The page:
14 March, 2012
I'm so incredibly disappointed by this that I can't think how to begin. I've been cheerleading the Charley Davidson series as the best thing to happen to light and ridiculous paranormal since Sookie Stackhouse. Third Grave Dead Ahead has me wondering if I will ever read another volume. Remember that moment in the Harper Connelly series where you realized Harris really was going all in on the pseudo incest? It's sort of like that. The abuse dynamics in Third Grave are turned way, way up. Intolerably hot. It's not even the sort of abuse dynamic where you can say "But he doesn't hit her!" because he does. He absolutely does. Then there's the painful info dumping. (If you want to hear 23 times that Charley bound Reyes into his corporeal form, then be my guest. Walk right past this review and get to reading.)
Everything you'd need to know for a book four can be extracted from book three and summarized into two sentences. The overall plot gets two sentences of advancement. Possibly one if I chose my words carefully. From the opening chapter to the last third of the book the story drags it's heels. Opening with a clown named Ronald (classic Charley but not an attention grabber) the reader is bogged down in multiple and lengthy asides recapping the prior two books. This is not an author who has grasped the delicate art of giving just enough to keep the new reader engaged without destroying the very soul of the established fan. Not even a little bit. So, strike one for Holy Info Dump, strike two for plodding pace (for the first 2/3) and strike three for abuse dynamics. Adding insult to injury is the final plot reveal.
Charley gets off on Reyes being the super bad boy son of Satan guy. Attempts are made at establishing triangles but it's always been clear that Charley is as hung up on Reyes as Bella is on Edward. He is the one boy in all the world for her. While Reyes was in a coma all the dire warnings from people that knew him better fell on deaf ears. Meanwhile, Charley had crazy incorporeal sex or was saved from imminent harm by her dark lover. (Can we take a second here for a PSA? I don't care how great the guy is in the sack, if people are telling you that you don't know him, that he isn't the guy you think he is, that he is bad news and the ultimate destroyer you better wake up to face some reality. Every damn time the news story starts with "She thought she understood his soul" and ends with caskets.) Ok, so Charley, banging Reyes. Reyes so misunderstood. Reyes so damaged. In this book Reyes is awake and angry at Charley. If she tries to sleep for even a second, she is instantly having "angry sex" or as I like to call it, rape. Her enjoyment is not her consent. If she was consenting, she'd be sleeping. Mainlining coffee for 14 days is not consent. Reyes claims she is raping him, as he cannot stop his actions. According to Reyes, Charley is totally asking for it, controlling his actions, and forcing him to come to her when she slumbers. He is angry at her for her actions in waking life, for her lack of knowledge of her supernatural side and her having nonconsensual sex with him. All of this is deeply problematic. Then he starts hurting her. Which she punishes him for by kissing someone else. FFS, really? He kidnaps her, threatens to kill her family (oh, but he doesn't MEAN it), knocks her out, blackens her eye, duct tapes her mouth, ties her, handcuffs her, sets her up to be stalked and tortured by a crazed killer and tells her she brought it on herself. She's too attractive. She's too independent. She forces him to hurt her. The author tries to offset this by showing Reyes being horribly abused in childhood (after coming to earth seeking out Charley) and being badly injured when Charley naps (forcing him asleep as well). So when he is injured, it is her fault. When she is injured, it is her fault. Things are Charley's fault. All the time. How hot is that?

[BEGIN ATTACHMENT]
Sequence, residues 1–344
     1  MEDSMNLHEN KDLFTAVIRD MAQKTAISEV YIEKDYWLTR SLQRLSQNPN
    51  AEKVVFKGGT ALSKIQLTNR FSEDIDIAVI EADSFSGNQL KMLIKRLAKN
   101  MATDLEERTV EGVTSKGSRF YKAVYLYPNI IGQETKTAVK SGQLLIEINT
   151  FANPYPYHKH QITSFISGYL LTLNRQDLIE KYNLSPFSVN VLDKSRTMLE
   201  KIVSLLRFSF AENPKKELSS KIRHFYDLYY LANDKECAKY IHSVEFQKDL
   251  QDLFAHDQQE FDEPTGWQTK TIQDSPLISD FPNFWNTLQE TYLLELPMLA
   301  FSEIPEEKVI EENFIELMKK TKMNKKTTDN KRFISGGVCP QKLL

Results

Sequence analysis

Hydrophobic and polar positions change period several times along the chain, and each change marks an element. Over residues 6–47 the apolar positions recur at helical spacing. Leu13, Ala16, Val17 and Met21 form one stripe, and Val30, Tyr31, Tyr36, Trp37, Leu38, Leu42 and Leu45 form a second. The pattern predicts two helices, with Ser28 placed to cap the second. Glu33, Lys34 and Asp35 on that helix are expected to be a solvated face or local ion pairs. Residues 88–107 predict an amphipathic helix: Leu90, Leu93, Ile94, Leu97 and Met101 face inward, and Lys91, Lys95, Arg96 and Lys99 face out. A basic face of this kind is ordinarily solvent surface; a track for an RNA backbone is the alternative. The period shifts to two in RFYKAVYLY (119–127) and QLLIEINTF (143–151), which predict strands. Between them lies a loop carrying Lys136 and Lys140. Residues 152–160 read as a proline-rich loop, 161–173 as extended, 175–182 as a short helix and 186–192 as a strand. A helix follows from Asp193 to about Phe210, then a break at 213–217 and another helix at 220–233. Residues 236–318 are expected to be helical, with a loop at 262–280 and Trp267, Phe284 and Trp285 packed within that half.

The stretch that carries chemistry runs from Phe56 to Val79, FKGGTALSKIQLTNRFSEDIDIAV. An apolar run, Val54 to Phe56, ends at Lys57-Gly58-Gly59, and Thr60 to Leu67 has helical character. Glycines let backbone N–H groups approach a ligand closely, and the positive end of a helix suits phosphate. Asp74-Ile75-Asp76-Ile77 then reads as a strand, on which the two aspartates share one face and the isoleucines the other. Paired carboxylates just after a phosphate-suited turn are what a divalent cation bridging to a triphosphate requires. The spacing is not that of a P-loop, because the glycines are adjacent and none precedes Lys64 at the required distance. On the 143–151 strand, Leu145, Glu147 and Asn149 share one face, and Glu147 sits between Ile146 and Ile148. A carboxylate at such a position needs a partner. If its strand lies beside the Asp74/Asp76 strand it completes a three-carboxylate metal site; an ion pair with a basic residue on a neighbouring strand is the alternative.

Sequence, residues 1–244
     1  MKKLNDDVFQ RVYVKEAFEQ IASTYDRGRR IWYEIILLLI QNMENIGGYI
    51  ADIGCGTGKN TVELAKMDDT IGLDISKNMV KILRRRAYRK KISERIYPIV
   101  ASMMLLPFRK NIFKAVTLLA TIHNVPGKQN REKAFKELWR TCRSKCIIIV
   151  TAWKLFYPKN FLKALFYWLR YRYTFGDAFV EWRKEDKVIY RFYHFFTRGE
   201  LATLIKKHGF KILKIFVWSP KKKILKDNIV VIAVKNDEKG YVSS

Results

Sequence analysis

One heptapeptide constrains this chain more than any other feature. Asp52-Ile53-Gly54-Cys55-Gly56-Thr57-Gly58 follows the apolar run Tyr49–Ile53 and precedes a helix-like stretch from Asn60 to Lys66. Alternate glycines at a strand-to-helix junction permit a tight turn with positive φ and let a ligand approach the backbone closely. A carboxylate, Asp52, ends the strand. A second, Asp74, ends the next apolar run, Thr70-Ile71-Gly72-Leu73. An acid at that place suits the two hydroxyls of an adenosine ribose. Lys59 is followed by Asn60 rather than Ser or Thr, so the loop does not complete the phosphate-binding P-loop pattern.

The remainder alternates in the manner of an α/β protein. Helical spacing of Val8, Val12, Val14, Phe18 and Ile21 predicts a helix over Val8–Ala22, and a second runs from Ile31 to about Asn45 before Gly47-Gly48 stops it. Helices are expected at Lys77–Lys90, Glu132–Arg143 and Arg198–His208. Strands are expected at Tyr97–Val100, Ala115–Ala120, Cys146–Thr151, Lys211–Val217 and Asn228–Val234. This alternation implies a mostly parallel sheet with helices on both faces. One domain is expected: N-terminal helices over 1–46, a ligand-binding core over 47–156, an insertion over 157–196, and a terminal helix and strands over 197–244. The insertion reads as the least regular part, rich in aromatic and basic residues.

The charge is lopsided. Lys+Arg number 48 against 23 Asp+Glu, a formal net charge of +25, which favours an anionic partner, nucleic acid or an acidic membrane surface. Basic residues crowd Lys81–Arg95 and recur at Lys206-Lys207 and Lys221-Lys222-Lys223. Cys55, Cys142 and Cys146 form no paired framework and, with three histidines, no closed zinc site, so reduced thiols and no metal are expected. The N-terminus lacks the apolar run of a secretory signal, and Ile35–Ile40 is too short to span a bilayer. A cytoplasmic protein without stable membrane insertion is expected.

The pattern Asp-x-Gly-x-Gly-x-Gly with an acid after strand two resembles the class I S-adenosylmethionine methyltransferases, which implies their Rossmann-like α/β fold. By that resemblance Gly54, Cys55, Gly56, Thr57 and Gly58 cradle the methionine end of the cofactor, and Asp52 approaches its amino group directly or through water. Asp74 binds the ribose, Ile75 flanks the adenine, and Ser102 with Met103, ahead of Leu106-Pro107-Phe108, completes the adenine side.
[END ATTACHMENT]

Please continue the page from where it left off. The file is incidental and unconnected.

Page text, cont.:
Right. Not at all.
Charley's response is to get angry and ... not much else. She still cries over him, she still obsesses over him, cusses him out and kisses a biker. She's so independent and self actualized! Charley has gone from interesting character to absolute victim. As always, Jones telegraphs her plot moves. Given that the Davidson books are WTF popcorn reads, I can't really fault her for that. I can fault her that one of those moves had me silently begging her to stop. I absolutely never use the phrase "jump the shark". I hate it. I hated the Happy Days episode it's based on, I hate the way it's used like salt on the salad of internet conversations. I loathe it. You know what I loathe more? The spoiler I'm about to reveal. Charley picks up a guardian. The angels of Heaven have sent her a Caretaker for protection against non-living beings. Yes, Charley gets a dead dog. A Rottweiler to be precise. Consider that shark well and truly jumped.